Gaseous chlorine
Chlorammation
Chlorine dioxide
Ozonation
UV Irradiation
Potassium permanganate
pH adjustment (Calcium carbonate, carbon dioxide, hydrochloric acid, calcium oxide, calcium
hydroxide, sodium hydroxide, sulfuric acid, other)
Stability or Corrosion Control (calcium oxide, calcium hydroxide, sodium carbonate, sodium
hexametaphosphate, other)
Coagulation & Flocculation Process
Rapid Mix (mechanical, injection, and in-line blenders)
Primary coagulant addition
Coagulant aid / Flocculant chemical addition (in addition to primary coagulant use)
Flocculation
Filter aid addition (Non-ionic / anionic polymers)
Clarification/Sedimentation Process
Sedimentation (plain, tube, or plate)
Contact adsorption
Other clarification processes (air floatation, ballasted clarification, etc.)
Upflow clarification ("sludge blanket")
Filtration Process
Granular media filtration < 3 gpm/sq. ft.
Granular media filtration > 3 gpm/sq. ft.
0
2
3-5
6
7
8
10
2
3
2
3

5


5
8
10
10
10
2
4
4
10

2
6
2
2
2

4
6
6
8

10
20







































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Direct filtration
Membrane filtration
For compliance with a NPDWR
For compliance with a NSDWR
Diatomaceous earth (pre-coat filtration)
Cartridge / bag
Pre-filtration (staged cartridges, pressure sand w/o coagulation, etc.): add one point per stage to max of
3 points
Other Treatment Processes
Aeration
Air stripping (includes: diffused air, packed tower aeration)
Ion-exchange / softening
Lime-soda ash softening (includes: chemical addition, mixing / flocculation / clarification / filtration -
do not add points for these processes separately)
Granular activated carbon filter (do not assign points when included as a bed layer in another filter)
Powdered activated carbon
Blending sources with significantly different water quality.
to achieve compliance with a NPDWR
to achieve compliance with a NSDWR
Reservoir management employing chemical addition
Electrodialysis
Other (Specify, see NOTE below):
Residuals Disposal
Discharge to surface, sewer, or equivalent
Discharge to lagoon / drying bed, with no recovery / recycling - e.g. downstream outfall
On-site disposal, land application
Backwash recovery / recycling: discharge to basin or lagoon and then to source
Backwash recovery / recycling: discharge to basin or lagoon and then to plant intake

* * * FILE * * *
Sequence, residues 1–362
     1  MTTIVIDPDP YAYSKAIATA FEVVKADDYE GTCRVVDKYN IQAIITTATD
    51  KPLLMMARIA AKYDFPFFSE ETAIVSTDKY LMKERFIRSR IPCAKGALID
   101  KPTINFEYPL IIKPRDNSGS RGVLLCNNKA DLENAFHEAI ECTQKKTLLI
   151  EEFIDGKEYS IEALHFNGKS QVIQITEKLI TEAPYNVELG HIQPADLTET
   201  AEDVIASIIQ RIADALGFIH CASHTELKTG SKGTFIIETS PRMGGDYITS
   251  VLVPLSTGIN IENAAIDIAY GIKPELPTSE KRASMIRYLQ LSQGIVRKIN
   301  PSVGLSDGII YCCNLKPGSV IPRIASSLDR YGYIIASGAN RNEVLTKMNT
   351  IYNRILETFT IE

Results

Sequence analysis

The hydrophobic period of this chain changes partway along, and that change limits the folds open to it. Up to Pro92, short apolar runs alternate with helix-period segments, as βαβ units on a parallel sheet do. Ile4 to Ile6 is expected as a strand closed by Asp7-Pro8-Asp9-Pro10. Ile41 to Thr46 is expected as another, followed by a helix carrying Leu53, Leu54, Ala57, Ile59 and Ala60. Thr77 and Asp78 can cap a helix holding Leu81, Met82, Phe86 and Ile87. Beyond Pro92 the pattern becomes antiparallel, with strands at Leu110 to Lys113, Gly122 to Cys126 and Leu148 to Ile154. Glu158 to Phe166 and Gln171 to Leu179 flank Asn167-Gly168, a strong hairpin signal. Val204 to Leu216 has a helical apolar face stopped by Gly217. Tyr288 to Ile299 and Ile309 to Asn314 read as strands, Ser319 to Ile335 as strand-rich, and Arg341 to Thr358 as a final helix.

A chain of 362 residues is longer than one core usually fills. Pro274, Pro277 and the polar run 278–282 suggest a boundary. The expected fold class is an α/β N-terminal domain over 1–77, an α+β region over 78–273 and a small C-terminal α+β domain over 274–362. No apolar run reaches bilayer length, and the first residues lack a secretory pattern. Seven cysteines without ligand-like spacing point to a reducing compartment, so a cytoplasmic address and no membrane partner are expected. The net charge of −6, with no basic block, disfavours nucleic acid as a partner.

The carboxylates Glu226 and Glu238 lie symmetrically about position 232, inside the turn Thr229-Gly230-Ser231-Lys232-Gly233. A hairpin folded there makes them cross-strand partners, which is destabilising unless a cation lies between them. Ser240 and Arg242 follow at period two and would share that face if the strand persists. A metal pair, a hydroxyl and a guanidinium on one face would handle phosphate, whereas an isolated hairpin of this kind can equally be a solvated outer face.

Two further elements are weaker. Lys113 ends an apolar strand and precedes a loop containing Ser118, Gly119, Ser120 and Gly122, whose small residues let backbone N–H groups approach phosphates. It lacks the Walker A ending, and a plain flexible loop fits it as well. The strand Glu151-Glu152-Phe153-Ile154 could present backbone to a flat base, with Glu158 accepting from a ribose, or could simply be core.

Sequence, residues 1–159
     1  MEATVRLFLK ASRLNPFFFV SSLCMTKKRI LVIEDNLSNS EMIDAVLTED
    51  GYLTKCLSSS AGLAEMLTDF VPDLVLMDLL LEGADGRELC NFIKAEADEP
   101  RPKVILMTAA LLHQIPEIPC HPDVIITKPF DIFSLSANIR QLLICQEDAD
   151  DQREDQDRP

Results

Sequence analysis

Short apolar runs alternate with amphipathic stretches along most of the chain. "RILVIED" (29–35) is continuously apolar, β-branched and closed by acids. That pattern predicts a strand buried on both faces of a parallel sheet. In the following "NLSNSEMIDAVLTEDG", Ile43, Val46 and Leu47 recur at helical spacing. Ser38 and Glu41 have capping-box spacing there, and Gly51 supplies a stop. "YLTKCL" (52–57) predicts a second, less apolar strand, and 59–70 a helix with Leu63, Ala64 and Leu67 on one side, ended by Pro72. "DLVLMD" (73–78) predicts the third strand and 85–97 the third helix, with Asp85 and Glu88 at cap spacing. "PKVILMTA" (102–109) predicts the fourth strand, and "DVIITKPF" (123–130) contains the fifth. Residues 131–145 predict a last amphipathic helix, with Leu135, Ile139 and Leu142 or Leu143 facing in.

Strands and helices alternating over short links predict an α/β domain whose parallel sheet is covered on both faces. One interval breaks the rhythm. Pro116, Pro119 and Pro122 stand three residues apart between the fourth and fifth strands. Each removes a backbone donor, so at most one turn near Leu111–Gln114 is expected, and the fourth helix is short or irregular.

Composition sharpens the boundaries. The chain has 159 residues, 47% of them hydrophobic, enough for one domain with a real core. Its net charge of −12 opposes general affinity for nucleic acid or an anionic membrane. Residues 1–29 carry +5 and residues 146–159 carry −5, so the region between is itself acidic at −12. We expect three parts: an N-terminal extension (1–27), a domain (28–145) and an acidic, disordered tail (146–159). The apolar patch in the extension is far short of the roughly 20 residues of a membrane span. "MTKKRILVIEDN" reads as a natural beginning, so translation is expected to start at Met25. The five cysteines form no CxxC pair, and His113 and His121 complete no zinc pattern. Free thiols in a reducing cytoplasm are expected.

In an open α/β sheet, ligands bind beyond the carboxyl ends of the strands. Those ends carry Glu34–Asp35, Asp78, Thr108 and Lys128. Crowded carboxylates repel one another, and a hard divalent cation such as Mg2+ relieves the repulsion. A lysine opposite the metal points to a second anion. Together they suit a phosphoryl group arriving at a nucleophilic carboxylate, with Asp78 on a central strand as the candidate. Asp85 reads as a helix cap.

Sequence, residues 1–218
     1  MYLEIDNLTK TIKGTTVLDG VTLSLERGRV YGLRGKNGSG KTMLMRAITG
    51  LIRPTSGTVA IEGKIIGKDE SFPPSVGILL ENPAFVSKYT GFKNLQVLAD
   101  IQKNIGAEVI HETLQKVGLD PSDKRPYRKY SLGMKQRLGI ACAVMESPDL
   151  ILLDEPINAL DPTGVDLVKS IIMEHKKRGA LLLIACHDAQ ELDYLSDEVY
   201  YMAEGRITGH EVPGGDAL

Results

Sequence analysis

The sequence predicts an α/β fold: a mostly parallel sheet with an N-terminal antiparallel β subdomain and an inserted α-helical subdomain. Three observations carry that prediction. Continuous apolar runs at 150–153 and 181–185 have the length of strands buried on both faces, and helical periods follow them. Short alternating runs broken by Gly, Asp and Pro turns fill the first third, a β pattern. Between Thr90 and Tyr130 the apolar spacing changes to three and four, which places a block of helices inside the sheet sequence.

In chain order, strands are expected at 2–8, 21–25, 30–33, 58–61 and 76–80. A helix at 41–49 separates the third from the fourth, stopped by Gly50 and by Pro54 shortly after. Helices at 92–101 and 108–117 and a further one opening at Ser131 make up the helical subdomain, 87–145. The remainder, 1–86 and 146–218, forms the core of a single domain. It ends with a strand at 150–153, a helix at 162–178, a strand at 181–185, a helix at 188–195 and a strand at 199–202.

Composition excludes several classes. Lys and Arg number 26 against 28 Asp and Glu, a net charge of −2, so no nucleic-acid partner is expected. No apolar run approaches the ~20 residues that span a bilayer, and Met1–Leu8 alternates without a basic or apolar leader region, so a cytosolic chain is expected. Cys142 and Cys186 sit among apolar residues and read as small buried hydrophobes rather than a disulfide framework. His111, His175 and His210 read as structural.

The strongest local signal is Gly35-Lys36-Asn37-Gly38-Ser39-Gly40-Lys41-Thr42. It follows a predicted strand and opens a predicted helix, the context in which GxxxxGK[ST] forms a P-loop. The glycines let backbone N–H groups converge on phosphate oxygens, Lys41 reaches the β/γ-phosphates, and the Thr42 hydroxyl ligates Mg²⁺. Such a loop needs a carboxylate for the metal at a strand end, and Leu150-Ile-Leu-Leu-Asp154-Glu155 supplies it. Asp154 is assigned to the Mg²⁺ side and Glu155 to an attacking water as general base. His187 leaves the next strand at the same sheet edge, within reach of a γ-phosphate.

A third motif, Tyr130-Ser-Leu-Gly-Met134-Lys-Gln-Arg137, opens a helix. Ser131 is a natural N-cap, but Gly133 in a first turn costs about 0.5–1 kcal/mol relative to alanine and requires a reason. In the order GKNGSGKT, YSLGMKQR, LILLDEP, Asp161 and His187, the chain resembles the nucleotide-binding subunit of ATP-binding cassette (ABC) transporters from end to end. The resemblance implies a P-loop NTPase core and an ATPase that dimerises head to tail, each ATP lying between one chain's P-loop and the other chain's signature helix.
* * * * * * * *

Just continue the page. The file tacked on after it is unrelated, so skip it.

Facility Characteristics
Instrumentation - Use of SCADA or similar instrumentation systems to provide data, with:
Monitoring / alarm only, no process operation
Limited process operation - c g. remote shutdown capability
Moderate process operation
Extensive or total process operation
Design limitations regarding: clearwell, pumps, storage, etc.
Total Points ->
5

10
6
10
5
1-3

3
5
5
20
5
2

4
2
2
15
2-15

1
1
1
3
5


0
!
2
4
1-5



































 NOTE: EPA considers the following special processes as "other", including but not limited
  to: POE and POU devices, various adsorption technologies, ion-exchange for Arsenic removal,
  etc.

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Classification Levels determined by the point rating system:
Level I - Basic  30 points or less           Level IK- Advanced Intermediate  56-75 points
Level II-Intermediate 31-55 points        Level IV - Advanced 76 points and greater
       Operator Classification
       EPA will consider that a system has an appropriately certified operator when the
       operator:

             holds a valid certification equal to or greater than the classification of the
             treatment facility and/or distribution system;

             demonstrates competency through knowledge, skills, and abilities to operate the
             system in compliance with the NPDWR; and

             is on-site, or able to be contacted as needed in order to initiate any necessary
             action in a timely manner.
       Operator Certification Level Required

       Level I - Basic
             Distribution certification may include groundwater systems that chlorinate, if
             chlorination is covered by an EPA approved provider in the testing and
             certification process.

             - VSWS Joint Certification
             The joint treatment and distribution certification should be available for an
             operator of a VSWS (serving 500 or fewer) to satisfy the basic level I treatment
             and distribution requirements with only one certification.